First rain seeks to beckon audiences through a combined experience of olfactory resonance and tactility of form and material, evoking deep-seated personal responses to both per- ceived and imagined smell memories. While the primacy of sight over all other senses is a given in our contemporary society, smell remains the last bastion of materiality still resisting digitization. The tenuous embrace of the natural and the artificial is explored here through the use of industrial and post-industrial materials, such as refrigeration and air conditioning, that have become remnants of paradoxes and systems and contribute significantly to global warming: cooling the inside while warming the outside!

    Melding sculptural elements with the ephemeral and the invisible, this project seeks to appeal to each individual’s highly personal olfactory memories in the firm belief that the resonance produced by art does have the power to effect change [however subtle], as each breath taking smell deep within us travels straight to our hearts to choose between affection and contempt, disgust and lust, love and hate. How we put our collective subjectivities together in the service of the greater is perhaps one of the greatest challenges facing mankind today!


    The practice of Bangalore-based artist Krishnaraj Chonat is developed through intense periods of research and long-term projects. Working in a variety of media including painting, sculpture, ins- tallation and collaborative projects, his works explore the multitude and complexity of challenges within our contemporary society. Often delving into his own experiences and the profound changes occurring in his home country as well as in the Western world, he displays an inclination for skillfully combining the thoughts of ancient philosophies and modern attitudes and speaks about a wide range of sensitive issues in their political, cultural and environmental scope. Many of his recent pro- jects have also explored olfaction as an artistic tool for evoking an emotional response and creating a strong resonance with the audience.

    His works have been widely exhibited around the world, most notably at the Centre Pompidou in Paris, Mori Museum, Tokyo, Essl Museum, Vienna, the National Museum of Contemporary Art, Seoul, Devi Art museum, New Delhi and other prominent venues.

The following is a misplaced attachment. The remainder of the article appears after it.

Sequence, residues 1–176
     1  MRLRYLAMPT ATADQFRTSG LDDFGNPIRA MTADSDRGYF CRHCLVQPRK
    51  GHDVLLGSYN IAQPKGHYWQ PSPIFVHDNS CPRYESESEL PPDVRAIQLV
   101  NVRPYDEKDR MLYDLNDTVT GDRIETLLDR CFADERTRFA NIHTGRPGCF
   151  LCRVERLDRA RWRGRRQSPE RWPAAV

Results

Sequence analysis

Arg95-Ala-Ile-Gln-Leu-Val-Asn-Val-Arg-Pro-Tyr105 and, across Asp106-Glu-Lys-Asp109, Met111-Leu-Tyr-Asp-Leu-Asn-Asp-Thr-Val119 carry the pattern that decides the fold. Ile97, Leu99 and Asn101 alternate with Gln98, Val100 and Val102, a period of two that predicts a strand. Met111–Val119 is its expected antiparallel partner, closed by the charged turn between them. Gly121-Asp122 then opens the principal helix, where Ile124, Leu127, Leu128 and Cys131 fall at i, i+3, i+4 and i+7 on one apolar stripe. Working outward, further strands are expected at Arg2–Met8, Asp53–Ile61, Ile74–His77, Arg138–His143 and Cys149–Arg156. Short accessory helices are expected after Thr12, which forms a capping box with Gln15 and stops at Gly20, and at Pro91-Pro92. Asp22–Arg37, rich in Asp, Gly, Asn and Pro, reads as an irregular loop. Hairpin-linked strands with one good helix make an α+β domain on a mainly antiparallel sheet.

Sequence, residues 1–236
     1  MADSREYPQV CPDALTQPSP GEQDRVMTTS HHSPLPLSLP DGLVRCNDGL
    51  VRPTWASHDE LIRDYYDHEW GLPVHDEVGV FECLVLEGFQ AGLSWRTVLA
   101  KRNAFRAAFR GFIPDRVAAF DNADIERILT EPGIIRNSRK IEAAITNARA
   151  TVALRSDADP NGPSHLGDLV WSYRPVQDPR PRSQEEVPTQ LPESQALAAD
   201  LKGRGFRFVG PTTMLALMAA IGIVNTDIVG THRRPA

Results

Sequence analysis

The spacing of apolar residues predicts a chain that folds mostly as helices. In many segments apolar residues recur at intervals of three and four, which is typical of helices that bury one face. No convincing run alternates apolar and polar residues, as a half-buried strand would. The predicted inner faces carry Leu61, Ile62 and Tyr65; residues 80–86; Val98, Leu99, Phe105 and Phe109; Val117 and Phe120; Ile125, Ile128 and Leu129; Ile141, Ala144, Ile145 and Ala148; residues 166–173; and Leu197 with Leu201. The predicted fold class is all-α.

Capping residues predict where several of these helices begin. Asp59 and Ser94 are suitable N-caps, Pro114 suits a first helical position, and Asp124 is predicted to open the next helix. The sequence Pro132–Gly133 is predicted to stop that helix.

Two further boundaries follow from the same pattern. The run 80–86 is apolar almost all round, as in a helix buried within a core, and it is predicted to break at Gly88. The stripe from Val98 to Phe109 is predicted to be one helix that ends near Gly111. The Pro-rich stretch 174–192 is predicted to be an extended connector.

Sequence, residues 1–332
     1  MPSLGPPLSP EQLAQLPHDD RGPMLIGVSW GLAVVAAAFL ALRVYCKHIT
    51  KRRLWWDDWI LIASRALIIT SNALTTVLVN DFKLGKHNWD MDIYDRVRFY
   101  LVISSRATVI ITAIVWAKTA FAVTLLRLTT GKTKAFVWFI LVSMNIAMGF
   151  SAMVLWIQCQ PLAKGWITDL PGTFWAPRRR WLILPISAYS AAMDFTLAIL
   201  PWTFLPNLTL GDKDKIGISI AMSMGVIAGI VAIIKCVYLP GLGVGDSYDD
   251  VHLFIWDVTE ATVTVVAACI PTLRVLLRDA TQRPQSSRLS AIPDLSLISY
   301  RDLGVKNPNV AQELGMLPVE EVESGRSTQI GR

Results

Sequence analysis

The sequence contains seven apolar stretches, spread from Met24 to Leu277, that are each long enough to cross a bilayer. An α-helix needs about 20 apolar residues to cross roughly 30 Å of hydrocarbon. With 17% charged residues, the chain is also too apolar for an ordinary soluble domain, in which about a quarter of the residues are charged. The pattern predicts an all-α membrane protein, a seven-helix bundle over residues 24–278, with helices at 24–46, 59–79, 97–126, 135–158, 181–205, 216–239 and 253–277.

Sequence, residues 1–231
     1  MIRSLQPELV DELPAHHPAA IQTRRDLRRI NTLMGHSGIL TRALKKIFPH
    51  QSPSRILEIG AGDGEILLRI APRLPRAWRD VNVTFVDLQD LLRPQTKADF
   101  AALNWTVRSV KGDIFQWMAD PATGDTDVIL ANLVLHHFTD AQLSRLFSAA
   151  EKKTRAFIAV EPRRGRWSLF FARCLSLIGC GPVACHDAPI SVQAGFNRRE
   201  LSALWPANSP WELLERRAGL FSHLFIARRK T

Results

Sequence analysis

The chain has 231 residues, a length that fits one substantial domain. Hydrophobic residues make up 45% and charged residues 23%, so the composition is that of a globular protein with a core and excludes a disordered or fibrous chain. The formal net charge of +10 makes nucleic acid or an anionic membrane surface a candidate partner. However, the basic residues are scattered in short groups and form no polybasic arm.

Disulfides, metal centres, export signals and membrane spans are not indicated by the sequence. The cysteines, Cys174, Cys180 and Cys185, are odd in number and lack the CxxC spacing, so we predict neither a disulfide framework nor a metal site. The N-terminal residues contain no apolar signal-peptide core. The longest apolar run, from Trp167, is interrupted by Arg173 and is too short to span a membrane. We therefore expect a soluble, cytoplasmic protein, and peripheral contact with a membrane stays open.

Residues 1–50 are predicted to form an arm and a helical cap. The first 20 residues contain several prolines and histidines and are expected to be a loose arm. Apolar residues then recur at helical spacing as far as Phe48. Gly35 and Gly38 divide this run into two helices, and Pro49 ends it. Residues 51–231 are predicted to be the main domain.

Photo : Natasha Vuillon



    My project is a metaphor of time stretching out into life. It follows its course. The line ends as does existence.

    Why believe in the principles of alchemy?
    A propensity to go beyond thought by experiencing matter and the here and now.

    The transmutation of metals and ideas. Believing as source of action.

    Art is reflection.
    Believing is hope.
    Claiming the right to believe.

    This work is the result of a performance presented during the Nuit Blanche Event at the Darling Foundry in 2018; the randomness of the bronze flow illustrated in the work’s title.

    As an interventionist artist, André Fournelle does not dissociate introspection art from action art. His combined sculpture/performances still rely on light in all its technological forms (laser, neon, optical fiber, fire) and the four natural elements, earth, water, air and fire.

    The element of surprise triggered by his works draws in spectators while raising their awareness of the reality surrounding them.


    André Fournelle’s work starts gaining visibility in the early 1960s. After spending two years in an industrial foundry and working alongside Armand Vaillancourt in an art foundry, he establishes the Fonderie expérimentale et collective with Marc Boisvert. He also collaborates with Marcelle Ferron in a search for new alloys between glass and metal. In the 1970s, he joins the EAT group (Experiment in Art and Technology), an American multidisciplinary laboratory created by artist Rauschenberg. In 1994, Fournelle represents Québec in sculpture at the Jeux de la Francophonie in Paris. In 1999, he creates the intervention Lumière et silence (Une ligne de feu sur la Seine) along the Pont des Arts in Paris, in which a line of fifire crossing the Seine is ignited by French art historian and critic Pierre Restany. In 2005, he orchestrates the Les Incendiaires installation in the square facing the Centre Pompidou in Paris. Throughout his career, André Fournelle has designed and installed numerous artworks in Québec, the US and Europe. The relevance of his work stands as undeniable testimony of his social and political commitment.

    Photo : Michel Dubreuil



    Measures of Inequity features a series of sculptures that give material form to visual repre- sentations concerned with the measurement of inequality in a wide range of disciplines, from economics and sociology to management and gender studies. Focusing mostly on the past thirty years, but with references covering over a century, the starting point for these works are graphs and diagrams culled from academic journals, reports and other specialized publications.

    In the sculptures, a variety of simple techniques are employed to render the ways in which researchers have conceived and characterized the distribution of access to care, educa- tion, income, wealth and several other factors, by countries or states, and between groups of people. The linguistic articulations involved in their representation are also depicted.